3. 3. AVOCENT WHITE PAPER 3An example of how out-of-band management tools may function is presented in the following scenario (see Figure 2). A device or server inthe data center goes down; the network infrastructure remains operational. Using out-of-band management tools and the networkinfrastructure, the administrator accesses the IT asset, diagnoses the issue and, if necessary, power cycles (turns the power off and on) thedevice. In minutes, the asset is restored to the network where it can be managed back to productivity using a systems managementapplication. The benefits in this case include lower labor costs, increased productivity and reduced risk. Out-of-Band Management Tools Device Administrator Router Switch Network Infrastructure Figure 2.A further example of how out-of-band management tools are critical to remote management of IT assets is illustrated in Figure 3. Anetwork switch connecting a rack of servers goes down, losing its connection to the network. In this case, the out-of-band managementconnection to the switch remains available through the network infrastructure. The administrator is alerted by the systems managementapplication that a switch is no longer connected to the network. Using an out-of-band management tool to remotely access the switch, theadministrator diagnoses the problem and restores the switch and all its connected assets back to the network infrastructure. Out-of-Band Management Tools Device Administrator Router Switch Network Infrastructure Figure 3.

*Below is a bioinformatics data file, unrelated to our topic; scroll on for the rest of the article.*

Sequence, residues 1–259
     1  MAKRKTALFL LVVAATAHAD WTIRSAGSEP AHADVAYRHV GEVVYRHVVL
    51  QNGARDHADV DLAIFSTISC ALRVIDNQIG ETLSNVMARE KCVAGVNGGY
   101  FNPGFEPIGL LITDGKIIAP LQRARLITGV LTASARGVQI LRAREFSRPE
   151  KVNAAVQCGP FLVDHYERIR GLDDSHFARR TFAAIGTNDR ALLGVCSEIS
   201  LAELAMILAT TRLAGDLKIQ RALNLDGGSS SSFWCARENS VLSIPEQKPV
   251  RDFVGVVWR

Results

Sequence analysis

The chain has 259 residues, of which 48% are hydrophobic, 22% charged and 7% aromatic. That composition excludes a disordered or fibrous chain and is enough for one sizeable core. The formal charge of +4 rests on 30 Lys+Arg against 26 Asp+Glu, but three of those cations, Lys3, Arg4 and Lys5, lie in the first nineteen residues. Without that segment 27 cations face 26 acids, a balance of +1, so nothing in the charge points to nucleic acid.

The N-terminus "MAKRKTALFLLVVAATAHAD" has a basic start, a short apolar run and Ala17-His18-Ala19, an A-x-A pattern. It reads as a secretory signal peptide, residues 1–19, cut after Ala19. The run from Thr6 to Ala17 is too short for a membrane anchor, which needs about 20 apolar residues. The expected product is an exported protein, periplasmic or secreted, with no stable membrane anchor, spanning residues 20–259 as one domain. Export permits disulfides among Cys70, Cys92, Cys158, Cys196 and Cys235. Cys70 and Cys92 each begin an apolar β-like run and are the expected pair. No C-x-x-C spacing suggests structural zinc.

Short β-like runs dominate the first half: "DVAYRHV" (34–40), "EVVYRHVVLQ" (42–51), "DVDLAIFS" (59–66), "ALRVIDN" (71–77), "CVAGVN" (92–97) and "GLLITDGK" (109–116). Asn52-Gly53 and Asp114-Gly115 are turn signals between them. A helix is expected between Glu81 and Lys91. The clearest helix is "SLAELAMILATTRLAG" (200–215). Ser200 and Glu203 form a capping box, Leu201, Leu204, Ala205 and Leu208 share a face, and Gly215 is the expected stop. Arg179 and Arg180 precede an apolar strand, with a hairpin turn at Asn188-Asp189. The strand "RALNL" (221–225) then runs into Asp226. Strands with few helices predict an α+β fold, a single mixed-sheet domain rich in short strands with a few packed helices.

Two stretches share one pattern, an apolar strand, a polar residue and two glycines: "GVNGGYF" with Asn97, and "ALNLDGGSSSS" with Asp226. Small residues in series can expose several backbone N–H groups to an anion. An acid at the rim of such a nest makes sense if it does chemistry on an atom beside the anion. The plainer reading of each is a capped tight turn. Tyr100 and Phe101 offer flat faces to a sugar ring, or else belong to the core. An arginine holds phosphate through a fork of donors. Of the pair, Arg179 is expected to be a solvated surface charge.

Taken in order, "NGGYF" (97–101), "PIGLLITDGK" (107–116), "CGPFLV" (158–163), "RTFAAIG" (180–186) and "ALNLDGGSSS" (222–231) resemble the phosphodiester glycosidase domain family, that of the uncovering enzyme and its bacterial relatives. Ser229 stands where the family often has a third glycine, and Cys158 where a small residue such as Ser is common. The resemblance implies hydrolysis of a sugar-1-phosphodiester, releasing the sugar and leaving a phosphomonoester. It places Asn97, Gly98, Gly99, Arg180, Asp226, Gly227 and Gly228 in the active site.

4. 4. 4 AVOCENT WHITE PAPERThe following is another scenario illustrating the benefits of out-of-band management tools (Figure 4). A router that provides network andInternet access for an entire site goes down. This router provides the network infrastructure connection to all connected IT assets linked tothe network and all the out-of-band management tools. Because the out-of-band management tools cannot be accessed through thenetwork infrastructure, the administrator uses a dial-up connection for access. The administrator is then able to use out-of-bandmanagement tools to connect to the router through a serial port to quickly diagnose the problem. The administrator corrects the error andrestores the router and all its assets to the network. Again, what might have taken hours and a site visit to correct took minutes. Dial-Up Path Out-of-Band Management Tools Device Administrator Router Switch Network Infrastructure Figure 4.The benefits are clear. Operational costs are reduced and IT asset availability is increased. If redundant systems are not in place, servicelevels are also increased. In short, the fundamental IT imperatives to cut costs and increase service levels and productivity are achieved.Out-of-Band Management ToolsBelow are descriptions of various out-of-band management tools.1. Out-of-band management software provides consolidated access, change management and configuration management for disparate out-of-band management tools like serial console servers, KVM switches, power management appliances and service processor managers. It also provides the capability to manage diverse IT assets connected to these out-of-band tools from a single consolidated view. The management software also provides the scalability needed to meet the demands of the largest enterprises.2. Serial console servers provide remote access to the serial management ports included on some servers and other network IT assets (routers, switches, cables, firewalls, etc.) rather than depending on the network connection.3. KVM switches or KVM over IP switches access servers through keyboard, video and mouse ports to provide access as if the administrator were physically present.4. Intelligent power distribution units (IPDUs) provide the ability to power on and off remote equipment for operational control or recovery from software/hardware failures.5. Service processor managers provide consolidated, centralized access to the service processors embedded on the computers motherboard. These operate separately from the main CPU, enabling administrators to access, monitor and manage the hardware components of servers. Service processor managers also allow administrators to reboot servers whether or not the main processor or the operating system is operational. Intelligent Platform Management Interface (IPMI), HP Integrated Lights Out (iLO) and Sun Advanced Lights Out Management (ALOM) are examples of established service processor technologies.